Climate experts are meeting in Bonn to draw up a rule book from the 2015 Paris Agreement. Their deliberations come after seven months of record temperatures around the world.
Delegates to the latest round of talks following the Paris Agreement began their work on Monday to work out a detailed plan on how governments are to report and monitor their national plans to curb greenhouse gas emissions.
Their 10-day meeting comes as US space agency NASA reported that last month was the warmest April in statistics dating back to the 19th century. April was the seventh month in a row to break temperature records.
Costa Rican diplomat Christiana Figueres, the retiring executive secretary of the UN Framework Convention on Climate Change
Retiring UN climate director Christiana Figueres told the conference on Monday that the record temperatures were partly caused by the natural warming effect of the El Nino weather activity in the Pacific Ocean but that it was magnified by the build-up of man-made greenhouse gas emissions.
Addressing delegates at the start of the 10-day meeting, Figueres said: "The whole world is united in its commitment to the global goals embodied in the Paris Agreement," telling the 196-nation UN meeting: "Now we must design the details of the path to the safe, prosperous and climate-neutral future to which we all aspire."
The meeting in Germany is the first since the UN members reached a deal in Paris to limit climate change by moving away from the use of fossil fuels to renewable energy by 2100. Last month, the agreement was signed by 175 governments at a ceremony in New York, including top greenhouse-gas emitters China and the United States.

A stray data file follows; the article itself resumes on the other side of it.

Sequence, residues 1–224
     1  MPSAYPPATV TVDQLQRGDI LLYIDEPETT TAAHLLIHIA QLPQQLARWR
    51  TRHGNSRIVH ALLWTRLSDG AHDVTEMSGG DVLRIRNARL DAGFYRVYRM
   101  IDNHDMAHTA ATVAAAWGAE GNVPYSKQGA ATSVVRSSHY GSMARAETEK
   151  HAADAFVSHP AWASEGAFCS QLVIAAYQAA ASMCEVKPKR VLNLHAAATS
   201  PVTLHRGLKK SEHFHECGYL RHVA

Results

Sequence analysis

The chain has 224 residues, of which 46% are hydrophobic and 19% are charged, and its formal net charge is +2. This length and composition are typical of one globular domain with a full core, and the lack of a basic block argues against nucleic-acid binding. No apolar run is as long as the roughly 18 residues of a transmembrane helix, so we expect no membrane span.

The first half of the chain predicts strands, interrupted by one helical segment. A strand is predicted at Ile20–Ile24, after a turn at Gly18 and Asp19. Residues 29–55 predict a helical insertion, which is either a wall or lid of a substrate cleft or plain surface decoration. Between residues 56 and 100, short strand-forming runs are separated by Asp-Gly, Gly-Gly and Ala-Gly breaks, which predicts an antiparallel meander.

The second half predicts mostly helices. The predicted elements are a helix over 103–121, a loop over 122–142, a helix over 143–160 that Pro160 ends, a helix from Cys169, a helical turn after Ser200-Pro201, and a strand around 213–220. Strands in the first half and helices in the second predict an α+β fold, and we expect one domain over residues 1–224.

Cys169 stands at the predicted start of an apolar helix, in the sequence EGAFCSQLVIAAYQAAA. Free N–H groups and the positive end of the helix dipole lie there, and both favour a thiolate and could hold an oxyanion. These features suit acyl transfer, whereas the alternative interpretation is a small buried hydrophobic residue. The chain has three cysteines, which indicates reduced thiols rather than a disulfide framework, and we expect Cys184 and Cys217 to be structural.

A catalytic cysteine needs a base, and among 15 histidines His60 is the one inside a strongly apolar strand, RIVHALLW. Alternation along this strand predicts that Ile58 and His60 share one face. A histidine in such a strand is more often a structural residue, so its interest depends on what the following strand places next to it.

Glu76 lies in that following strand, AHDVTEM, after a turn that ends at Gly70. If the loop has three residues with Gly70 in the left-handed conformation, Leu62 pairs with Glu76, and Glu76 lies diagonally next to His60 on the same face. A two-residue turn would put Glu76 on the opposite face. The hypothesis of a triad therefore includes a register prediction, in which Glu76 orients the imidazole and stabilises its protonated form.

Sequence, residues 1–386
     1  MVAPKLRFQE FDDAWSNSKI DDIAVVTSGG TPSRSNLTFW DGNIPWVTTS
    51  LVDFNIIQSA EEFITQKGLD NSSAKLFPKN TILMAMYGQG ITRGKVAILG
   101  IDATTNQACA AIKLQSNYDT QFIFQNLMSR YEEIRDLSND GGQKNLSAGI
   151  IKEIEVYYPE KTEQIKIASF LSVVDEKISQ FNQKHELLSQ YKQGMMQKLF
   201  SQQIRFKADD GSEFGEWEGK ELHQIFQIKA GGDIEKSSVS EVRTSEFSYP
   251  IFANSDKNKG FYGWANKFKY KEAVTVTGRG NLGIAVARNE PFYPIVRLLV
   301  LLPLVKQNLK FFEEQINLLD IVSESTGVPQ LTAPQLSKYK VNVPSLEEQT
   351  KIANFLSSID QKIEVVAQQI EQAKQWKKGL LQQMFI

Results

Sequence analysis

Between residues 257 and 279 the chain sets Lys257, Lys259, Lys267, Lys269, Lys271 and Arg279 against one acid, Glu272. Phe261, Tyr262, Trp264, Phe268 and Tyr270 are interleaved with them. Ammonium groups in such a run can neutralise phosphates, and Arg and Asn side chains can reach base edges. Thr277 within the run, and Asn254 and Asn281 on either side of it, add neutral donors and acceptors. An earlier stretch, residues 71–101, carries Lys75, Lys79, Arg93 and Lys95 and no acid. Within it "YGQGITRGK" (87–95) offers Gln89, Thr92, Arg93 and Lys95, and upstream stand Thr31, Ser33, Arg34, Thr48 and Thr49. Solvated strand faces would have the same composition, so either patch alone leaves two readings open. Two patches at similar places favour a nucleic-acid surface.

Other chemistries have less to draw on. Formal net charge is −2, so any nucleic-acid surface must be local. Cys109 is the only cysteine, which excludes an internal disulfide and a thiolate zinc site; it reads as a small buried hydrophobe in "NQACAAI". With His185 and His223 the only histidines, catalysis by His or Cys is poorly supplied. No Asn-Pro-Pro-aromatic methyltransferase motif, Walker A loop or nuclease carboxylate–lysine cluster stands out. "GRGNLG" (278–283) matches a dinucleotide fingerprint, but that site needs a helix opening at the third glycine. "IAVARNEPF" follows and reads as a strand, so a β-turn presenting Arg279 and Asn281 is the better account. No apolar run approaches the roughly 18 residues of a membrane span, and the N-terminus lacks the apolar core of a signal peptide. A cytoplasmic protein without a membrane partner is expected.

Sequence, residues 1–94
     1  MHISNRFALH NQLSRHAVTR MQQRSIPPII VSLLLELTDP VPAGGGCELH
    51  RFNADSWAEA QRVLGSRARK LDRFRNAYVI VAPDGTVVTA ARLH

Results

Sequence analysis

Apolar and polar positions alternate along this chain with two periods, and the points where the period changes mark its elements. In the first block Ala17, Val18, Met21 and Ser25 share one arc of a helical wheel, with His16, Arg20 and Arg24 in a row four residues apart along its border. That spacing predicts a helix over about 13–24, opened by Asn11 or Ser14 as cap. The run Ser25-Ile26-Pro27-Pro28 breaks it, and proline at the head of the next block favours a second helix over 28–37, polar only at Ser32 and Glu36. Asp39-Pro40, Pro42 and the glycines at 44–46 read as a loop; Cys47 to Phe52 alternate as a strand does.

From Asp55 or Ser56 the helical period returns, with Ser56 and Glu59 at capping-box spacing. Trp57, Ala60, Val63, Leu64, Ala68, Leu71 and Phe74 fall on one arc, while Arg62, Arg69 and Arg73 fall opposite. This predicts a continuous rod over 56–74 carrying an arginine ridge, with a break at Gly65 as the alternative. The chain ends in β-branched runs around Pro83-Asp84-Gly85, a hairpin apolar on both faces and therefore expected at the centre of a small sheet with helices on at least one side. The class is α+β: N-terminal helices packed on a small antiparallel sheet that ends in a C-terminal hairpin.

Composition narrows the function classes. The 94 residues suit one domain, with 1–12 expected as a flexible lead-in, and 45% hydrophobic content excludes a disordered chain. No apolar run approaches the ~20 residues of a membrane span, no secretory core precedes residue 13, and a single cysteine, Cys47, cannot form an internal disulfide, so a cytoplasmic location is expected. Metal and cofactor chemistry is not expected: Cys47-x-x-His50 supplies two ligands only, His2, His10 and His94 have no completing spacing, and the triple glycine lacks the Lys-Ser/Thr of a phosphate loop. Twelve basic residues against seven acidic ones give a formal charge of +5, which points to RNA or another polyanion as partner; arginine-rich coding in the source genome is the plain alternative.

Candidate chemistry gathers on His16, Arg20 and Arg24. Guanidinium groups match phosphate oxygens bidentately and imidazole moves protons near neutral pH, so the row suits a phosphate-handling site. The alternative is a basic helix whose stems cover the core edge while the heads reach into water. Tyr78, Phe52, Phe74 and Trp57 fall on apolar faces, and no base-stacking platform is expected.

The agreement still needs to be ratified by national governments. It will come into force when 55 nations, representing 55 percent of world emissions, have signed up to the plan. French Environment Minister Segolene Royal said she would submit a bill on Tuesday to the French National Assembly, seeking ratification.
Speaking to the Bonn conference on Monday, Royal said: "The Paris Agreement represents the foundations ... Now we have to raise the walls, the roof of a common home."
US scientists have reported that last month was the warmest April recorded, the seventh consecutive month to exceed previous highs. The record means that 2016 will become the warmest calendar year in NASA's database.
During each of the past seven months, global average surface temperatures have exceeded the 20th century average by more than 1 degree Celsius (1.8 degrees Fahrenheit).
On Monday, the Japan Meteorological Agency backed up NASA in finding that April was the warmest such month since their records began in 1891. The warm weather was most pronounced across the Arctic, from Siberia to Greenland and Alaska. There were deadly heat waves in Thailand and India.
The UN climate talks in Bonn continue until May 26, and will also set the agenda for the next high-level gathering in Marrakesh, Morocco in November.
jm/msh (Reuters, AFP)